Let’s talk a little bit about Alex’s role as the band’s drummer. Can you talk about how drumming became a part of your life, and how you would like to integrate drumming into your career in the future?

Owen:  I grew up in Oklahoma, jumping around from sport to sport. I did tennis, soccer, baseball… and then I went to a musical show, and I auditioned and got the part. For the longest time, I was like ‘Oh, this is just for girls’ and then I fell in love with it. And coming from Oklahoma even when I was a little younger, it wasn’t as accepting for different things. So, when I saw drums, I knew that it could be something musical that maybe was a tad more masculine. I thought to myself, ‘Hey, I won’t get bullied; I can still rock out to some music, but maybe my friends won’t make fun of me as much.’ But of course, I stayed in musicals too at the same time. And then my mom always tried to figure out solutions to my anxiety. We thought about natural ways; I never really wanted to take medicine for the longest time. I tried the guitar, and I tried the drums. And it’s something about playing on the drums, man, something about beating on the drums… I stopped playing the drums until I started doing the show, and that’s a huge gift from the show because I forgot how much it actually helped me. I get stressed out or I get overwhelmed or something and I’ll literally sit down, put on my headphones, put on a playlist, and I’ll just play through that playlist… and then I stand up, and I feel better. And obviously moving forward, I hope that I get to keep playing for Julie and the Phantoms. Hopefully, someday we get to do some kind of tour.


Alex and his crush Willie [portrayed by Booboo Stewart] have great chemistry. You start out as friends, and then the audience watches your relationship gradually grow into something more. How did you and he build this on-screen relationship?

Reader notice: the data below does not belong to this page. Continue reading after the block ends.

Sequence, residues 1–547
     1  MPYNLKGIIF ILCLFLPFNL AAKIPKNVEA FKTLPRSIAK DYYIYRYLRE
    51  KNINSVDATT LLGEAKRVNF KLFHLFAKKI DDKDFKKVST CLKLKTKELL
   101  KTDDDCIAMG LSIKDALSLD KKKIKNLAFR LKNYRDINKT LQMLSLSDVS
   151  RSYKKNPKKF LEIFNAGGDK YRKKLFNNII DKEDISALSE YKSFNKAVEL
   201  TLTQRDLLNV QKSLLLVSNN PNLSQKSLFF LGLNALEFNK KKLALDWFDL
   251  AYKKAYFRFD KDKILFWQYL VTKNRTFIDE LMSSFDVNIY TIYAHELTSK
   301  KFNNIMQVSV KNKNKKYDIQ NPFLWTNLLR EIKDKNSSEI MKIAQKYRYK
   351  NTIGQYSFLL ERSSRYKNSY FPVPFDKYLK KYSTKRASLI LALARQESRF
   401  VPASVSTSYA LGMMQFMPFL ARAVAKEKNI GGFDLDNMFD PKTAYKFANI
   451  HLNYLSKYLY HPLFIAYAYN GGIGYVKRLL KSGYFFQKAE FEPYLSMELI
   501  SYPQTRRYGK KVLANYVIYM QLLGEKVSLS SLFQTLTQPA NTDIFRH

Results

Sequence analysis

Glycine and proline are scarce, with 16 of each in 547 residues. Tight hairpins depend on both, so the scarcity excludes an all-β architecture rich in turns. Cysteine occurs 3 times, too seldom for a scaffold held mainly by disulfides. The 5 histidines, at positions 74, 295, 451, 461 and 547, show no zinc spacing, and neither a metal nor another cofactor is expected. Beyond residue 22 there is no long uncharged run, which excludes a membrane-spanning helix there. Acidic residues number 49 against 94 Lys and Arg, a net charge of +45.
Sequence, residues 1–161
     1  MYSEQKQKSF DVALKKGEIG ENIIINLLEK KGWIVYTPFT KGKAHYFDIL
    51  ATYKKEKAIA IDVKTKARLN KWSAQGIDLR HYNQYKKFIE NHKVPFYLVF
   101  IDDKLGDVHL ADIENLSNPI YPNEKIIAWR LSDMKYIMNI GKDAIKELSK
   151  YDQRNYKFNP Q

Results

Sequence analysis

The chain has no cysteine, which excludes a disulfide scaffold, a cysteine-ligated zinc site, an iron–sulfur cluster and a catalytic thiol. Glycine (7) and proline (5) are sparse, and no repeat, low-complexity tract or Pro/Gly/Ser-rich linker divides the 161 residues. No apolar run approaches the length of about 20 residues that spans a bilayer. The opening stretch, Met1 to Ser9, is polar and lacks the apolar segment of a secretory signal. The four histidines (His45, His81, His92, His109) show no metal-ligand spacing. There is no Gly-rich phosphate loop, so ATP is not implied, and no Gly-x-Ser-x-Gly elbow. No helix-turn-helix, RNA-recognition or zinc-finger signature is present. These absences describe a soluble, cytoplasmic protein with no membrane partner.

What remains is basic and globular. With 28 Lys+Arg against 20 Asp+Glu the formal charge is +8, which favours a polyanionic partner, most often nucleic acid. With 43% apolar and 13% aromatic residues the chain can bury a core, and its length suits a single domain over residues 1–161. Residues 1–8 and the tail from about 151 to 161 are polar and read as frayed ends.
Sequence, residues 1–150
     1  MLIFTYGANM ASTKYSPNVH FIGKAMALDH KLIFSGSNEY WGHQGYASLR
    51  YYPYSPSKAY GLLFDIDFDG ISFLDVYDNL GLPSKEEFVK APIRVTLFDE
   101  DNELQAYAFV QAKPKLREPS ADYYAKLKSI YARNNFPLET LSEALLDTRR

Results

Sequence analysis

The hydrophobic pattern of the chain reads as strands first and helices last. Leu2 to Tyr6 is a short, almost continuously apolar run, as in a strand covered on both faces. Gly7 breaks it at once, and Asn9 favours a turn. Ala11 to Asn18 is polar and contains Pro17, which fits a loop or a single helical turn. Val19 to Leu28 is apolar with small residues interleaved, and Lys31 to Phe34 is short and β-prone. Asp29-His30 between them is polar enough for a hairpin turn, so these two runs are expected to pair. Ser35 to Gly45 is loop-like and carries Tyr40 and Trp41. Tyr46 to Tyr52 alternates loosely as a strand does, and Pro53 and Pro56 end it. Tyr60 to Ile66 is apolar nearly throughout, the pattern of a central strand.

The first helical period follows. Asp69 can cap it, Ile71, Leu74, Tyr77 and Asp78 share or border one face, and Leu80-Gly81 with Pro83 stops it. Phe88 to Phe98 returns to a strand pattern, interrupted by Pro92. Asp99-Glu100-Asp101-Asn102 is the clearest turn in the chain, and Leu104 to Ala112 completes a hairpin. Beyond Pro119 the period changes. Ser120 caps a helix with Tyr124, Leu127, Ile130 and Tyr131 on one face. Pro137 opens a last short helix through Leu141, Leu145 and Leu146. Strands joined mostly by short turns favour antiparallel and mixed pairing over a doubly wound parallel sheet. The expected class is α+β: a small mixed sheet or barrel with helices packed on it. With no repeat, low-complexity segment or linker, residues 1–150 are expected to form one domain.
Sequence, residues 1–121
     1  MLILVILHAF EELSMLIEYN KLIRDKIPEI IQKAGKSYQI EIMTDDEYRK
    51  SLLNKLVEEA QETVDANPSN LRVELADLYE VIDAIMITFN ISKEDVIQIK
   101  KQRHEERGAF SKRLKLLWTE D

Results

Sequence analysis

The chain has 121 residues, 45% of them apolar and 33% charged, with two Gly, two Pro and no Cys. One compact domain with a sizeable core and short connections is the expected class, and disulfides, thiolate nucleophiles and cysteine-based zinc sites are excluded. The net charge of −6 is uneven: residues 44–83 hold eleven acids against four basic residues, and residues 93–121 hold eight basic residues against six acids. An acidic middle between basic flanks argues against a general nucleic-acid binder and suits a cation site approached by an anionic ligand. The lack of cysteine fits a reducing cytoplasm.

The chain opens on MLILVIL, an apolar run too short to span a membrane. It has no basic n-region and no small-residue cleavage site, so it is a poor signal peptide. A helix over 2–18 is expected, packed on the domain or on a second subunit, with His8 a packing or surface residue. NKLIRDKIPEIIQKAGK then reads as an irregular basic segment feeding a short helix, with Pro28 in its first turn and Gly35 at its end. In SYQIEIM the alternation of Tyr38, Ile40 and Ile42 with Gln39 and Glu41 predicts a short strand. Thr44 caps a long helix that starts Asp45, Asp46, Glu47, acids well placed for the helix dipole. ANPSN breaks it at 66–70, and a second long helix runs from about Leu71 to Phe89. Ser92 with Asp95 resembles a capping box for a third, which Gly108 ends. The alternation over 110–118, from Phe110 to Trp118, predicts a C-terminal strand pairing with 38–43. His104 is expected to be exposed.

Owen:  Kenny never stopped talking about [Booboo] while we were in the auditions. [Booboo] came in and we read, and it was perfect chemistry… He was flying in the day before we were supposed to start shooting [but] usually when it’s your love interest, you want to have a couple of days. You’ll go hang out with them and try to form some kind of bond or friendship before you start, so you can show something on camera that’s real. But Booboo was just the coolest, man. He landed, he called me and he was like ‘Hey, let’s work together; let’s work through these scenes, let’s work on these lines’ and he just walked over to my apartment. And it was awesome. He made it super comfortable, and we worked for a couple of hours and got together the next day and then just shot our scenes.


I noticed that Alex has a distinct style. It’s very 1990s, and there are a lot of jean jackets and a lot of his signature color which seems to be pink. I’m wondering what it was like for you to dress as Alex for the duration of filming, and how Alex’s style might compare to your own? Are you a fan of 90’s fashion?

Absolutely! First of all, props to Soyon who was the stylist. Obviously, she crushed it. When we went in for final auditions, Jer showed up in a black leather jacket, a white tank top, jeans, and some Chelsea boots. Charlie showed up in a cutoff and suspenders, and then I showed up in the pink sweatshirt. I think Kenny and Soyon just looked at it and said, ‘Hey, that looks like it kind of works!’ and then they ran from there. But I absolutely loved it. I loved every second of it. Soyon is the coolest. I mean, you would say one little thing, and she would just improvise off of that and put you in something even cooler. I love shoes so much, and I told Soyon that. I was like ‘There’s two things. I want a chain and I want shoes.’ I got the [Nike Air] Max 97s I wore in the show. And don’t tell them but I may or may not have stolen the chain, and I might be wearing it right now as we speak.



In real life just like in the show, you play bass in a band that’s composed of three guys. I’m wondering if you can tell me a little bit about your band Make Out Monday, and how your experience in a real-life band informed your on-screen band experience or vice versa?